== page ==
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Jun 18, 2022 17 tweets 7 min read Twitter logo Read on Twitter
The Danger of Minimalist Design

(& the death of detail)

A short thread...
This isn't an attack on capital M Minimalism, which is a conscious design movement.

Like the Minimalist music of the composer Philip Glass, which is frankly beautiful.
What I'm talking about is unconscious, small m minimalism.

Which has become the social default for seemingly every design choice, whether architectural or corporate or anything else.

It is a troubling phenomenon because of what minimalism represents: a lack of detail. ImageImage
Why does detail matter? Think of it as identity.

What gives the phone box on the left its distinctive character?

The details: colour, mouldings around the door, the ornamentation at the top.

The phone box on the right has no real detail, and no character. ImageImage
I'm not necessarily talking about beauty here.

I'm just talking about things having some discernible qualities & characteristics.

The bollard on the left is hardly "beautiful," but it *does* have some character.

The one on the right... it exists. That's all. ImageImage
Even benches have been minimalized! ImageImage
And doorbells too!

You would remember the one on the left. It adds charm & character to its location.

The one on the right... you wouldn't even notice it. ImageImage
How many large corporations have rebranded towards far more simplified logos?

This is a notorious recent example. Image
The thing with detail (and, therefore, identity) is that people have different tastes.

So, to some extent, it imposes something on a person.

Default minimalist designs strips all identity away from things.

It presents a neutral, clean-slate which imposes nothing.
So when small m minimalism has become the social default for everything from benches & bollards to skyscrapers & national assemblies....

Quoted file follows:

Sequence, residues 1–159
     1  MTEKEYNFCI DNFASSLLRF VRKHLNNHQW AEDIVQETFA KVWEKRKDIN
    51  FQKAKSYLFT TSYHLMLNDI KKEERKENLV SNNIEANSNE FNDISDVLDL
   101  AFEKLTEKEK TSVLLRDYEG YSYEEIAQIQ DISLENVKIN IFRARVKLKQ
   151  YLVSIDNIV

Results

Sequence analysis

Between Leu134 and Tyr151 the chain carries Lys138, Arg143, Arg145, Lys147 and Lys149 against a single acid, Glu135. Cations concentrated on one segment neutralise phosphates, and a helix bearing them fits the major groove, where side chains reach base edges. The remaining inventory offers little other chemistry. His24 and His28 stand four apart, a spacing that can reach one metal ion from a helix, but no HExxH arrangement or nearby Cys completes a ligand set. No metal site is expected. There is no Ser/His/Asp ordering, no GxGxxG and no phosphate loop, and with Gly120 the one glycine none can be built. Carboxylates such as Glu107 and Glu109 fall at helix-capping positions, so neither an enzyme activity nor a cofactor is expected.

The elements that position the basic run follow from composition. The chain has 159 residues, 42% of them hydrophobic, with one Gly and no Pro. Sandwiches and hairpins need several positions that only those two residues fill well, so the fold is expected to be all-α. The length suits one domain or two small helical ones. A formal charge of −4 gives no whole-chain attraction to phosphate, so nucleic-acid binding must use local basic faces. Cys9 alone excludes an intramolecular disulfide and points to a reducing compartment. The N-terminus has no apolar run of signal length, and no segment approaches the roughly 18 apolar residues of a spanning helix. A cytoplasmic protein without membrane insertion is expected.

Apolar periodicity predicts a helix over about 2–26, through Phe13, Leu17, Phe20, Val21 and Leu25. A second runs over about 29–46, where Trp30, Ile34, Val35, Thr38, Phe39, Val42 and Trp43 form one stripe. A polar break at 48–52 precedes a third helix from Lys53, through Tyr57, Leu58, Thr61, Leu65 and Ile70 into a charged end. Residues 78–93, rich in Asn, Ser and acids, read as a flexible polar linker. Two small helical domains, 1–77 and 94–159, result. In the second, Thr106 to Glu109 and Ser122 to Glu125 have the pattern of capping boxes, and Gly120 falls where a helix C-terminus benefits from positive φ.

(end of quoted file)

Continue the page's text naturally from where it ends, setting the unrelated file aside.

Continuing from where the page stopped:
We have a reduction ad absurdum of cultural aesthetics:

Somebody might not like a detail (read: character) so there can be no details. ImageImage
It is an IKEA Bookcase world.

(Nothing wrong with IKEA Bookcases necessarily, but when everything looks like one, well...) ImageImage
Please remember that I am not talking about a conscious minimalism here.

If you like to decorate your room in a minimalist fashion, that *isn't* a problem. It's none of mine or anybody else's business.

The problem is this social drift towards absolute simplification...
The worst crime of minimalist design is how it has stripped all colour away from things. ImageImage
Perhaps minimalist design is so prevalent because we no longer have anything to say.

You don't need me to explain what the Gothic cathedral says, for example.

But the skyscraper? It doesn't say anything, really. It's just... *there*. ImageImage
And suddenly everything, everywhere starts to look the same.

Absolute neutrality. No detail. No identity.

What does that say about us? Image
Anyway, I'm off to sit in the garden & listen to Bedřich Smetana's Má Vlast...
I'm enjoying the discussion this thread has generated so far!

And if you found it thought-provoking you may also like my free weekly newsletter, Areopagus.

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